Property in Europe
Property in Europe (Photo credit: Images_of_Money)
Do you have fears about not having enough money for a comfortable retirement? Perhaps you are looking to invest in property, either to supplement your existing pension, or to become financially independent from the portfolio itself. What you may not have realised, however, is that you don’t necessarily need to “own” a portfolio in order to create cashflow from one. Read on and discover how my daughter Emily and I went from 0 to £5000 per month from properties we don’t actually own... 

Would Ownership Work for Us? 

We had heard a great deal about building a small portfolio of properties that we could buy cheap or finance, refurbish and sell or rent to up-and-coming young professionals. It sounded a good plan on the face of it but the problem was that we were quickly running out of cash. Since the credit crunch, lenders usually require a hefty 25% deposit. Even if a property could be obtained below market value, it was costing us around £21,000 per property. After all that investment, we were only making around £200 per month cashflow. At this rate, we realised that it was going to take a long, long time to become financially free, so it was back to the drawing board. We knew that there had to be another way. 

Single-Lets vs. Multi-Lets 

As I mentioned, renting the property out as a single-let property, namely when the entire property is let out on an AST, just wasn’t producing the cashflow we required. It was then, that we discovered how multi-letting a property, namely renting the property on a room by room basis, created substantially higher cashflow each month. It did not take us long to realize that multi-letting was the way forward. However, we still had the problem of stumping up the hefty deposits required by lenders. That’s when the light bulb moment hit...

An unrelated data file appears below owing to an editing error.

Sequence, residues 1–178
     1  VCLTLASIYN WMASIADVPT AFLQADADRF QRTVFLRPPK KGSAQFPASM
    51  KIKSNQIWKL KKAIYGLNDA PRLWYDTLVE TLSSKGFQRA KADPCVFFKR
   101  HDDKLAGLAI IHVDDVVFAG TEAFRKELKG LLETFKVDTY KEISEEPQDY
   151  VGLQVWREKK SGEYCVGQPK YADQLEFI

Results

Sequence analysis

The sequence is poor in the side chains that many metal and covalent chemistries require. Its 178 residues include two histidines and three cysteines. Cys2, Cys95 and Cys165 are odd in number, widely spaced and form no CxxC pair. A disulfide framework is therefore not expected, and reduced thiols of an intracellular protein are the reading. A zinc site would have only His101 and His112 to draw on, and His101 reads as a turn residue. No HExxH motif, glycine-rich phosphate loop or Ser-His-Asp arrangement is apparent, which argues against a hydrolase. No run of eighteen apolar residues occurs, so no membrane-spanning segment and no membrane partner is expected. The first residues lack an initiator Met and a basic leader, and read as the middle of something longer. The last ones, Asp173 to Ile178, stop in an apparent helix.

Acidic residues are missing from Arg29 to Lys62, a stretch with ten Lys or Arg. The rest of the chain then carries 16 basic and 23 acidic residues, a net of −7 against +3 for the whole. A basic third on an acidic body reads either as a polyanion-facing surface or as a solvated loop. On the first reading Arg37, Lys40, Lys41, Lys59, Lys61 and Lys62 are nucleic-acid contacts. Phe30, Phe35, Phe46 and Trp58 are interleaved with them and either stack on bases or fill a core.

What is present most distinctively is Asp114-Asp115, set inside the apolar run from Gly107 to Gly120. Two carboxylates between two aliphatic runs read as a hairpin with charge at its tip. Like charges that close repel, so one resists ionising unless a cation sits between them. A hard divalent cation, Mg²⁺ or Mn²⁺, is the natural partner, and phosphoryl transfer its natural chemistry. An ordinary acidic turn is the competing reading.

You Don’t Need To Own! 

We knew that multi-letting was the best was for us to maximise cashflow, but we still faced the same problem, namely raising the huge initial deposit. It then suddenly dawned on us. Why do we actually need to buy these properties? We knew that there must be struggling landlords out there who are looking for a guaranteed rent and for someone to manage the property for them. We decided to contact letting agents and make arrangements to rent the properties through what a corporate let. We would rent on a room-to-room basis to multiple renters who would be young professionals between the ages of 23 and 35. The agent would have a guaranteed rent, and we would take care of having minimal renovations performed that were necessary to make the house attractive to tenants. Initially we were met with scepticism and were even thrown out a couple of offices! But we persevered and within 6 months we had 9 multi-let houses in 5 months generating £5000 pcm net! 

Finding the Right Properties 

In our target area, we look to acquire properties that had a number of larger bedrooms, such as Victorian houses. Double bedrooms rent out much more easily than singles, especially if they have an en-suite. We normally look to pay the landlord around £200 pcm for each double bedroom in the house. So a property with 4 double rooms, we will rent off the landlord for £800. We then advertise the rooms for around £400 per room. After all cost, we aim to make £500 per month cashflow off each property. 

This system has been working out well for us and we plan on expanding our portfolio of rent to rent properties in the next year or so. We have created systems so that we only spend a few hours each week managing each property. It really has worked well for us and can work for you too. As Nike would say “Just Do It!” Francis Dolley is an expert on this unique rent to rent system and runs courses in the UK teaching students how they can successfully build a portfolio of properties that they don’t own, yet generate substantial cashflow profits each and every month.